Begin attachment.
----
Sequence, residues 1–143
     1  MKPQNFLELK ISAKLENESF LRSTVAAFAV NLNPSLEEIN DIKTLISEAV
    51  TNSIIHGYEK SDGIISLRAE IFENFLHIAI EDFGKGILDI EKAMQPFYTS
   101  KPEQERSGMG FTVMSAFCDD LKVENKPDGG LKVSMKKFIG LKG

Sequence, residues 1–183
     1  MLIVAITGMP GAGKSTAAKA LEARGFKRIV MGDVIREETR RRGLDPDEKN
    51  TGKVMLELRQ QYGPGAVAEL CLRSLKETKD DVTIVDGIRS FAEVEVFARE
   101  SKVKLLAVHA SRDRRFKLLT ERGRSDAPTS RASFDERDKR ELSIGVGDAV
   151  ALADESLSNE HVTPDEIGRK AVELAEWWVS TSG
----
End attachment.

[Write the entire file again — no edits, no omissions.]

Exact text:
Sequence, residues 1–143
     1  MKPQNFLELK ISAKLENESF LRSTVAAFAV NLNPSLEEIN DIKTLISEAV
    51  TNSIIHGYEK SDGIISLRAE IFENFLHIAI EDFGKGILDI EKAMQPFYTS
   101  KPEQERSGMG FTVMSAFCDD LKVENKPDGG LKVSMKKFIG LKG

Sequence, residues 1–183
     1  MLIVAITGMP GAGKSTAAKA LEARGFKRIV MGDVIREETR RRGLDPDEKN
    51  TGKVMLELRQ QYGPGAVAEL CLRSLKETKD DVTIVDGIRS FAEVEVFARE
   101  SKVKLLAVHA SRDRRFKLLT ERGRSDAPTS RASFDERDKR ELSIGVGDAV
   151  ALADESLSNE HVTPDEIGRK AVELAEWWVS TSG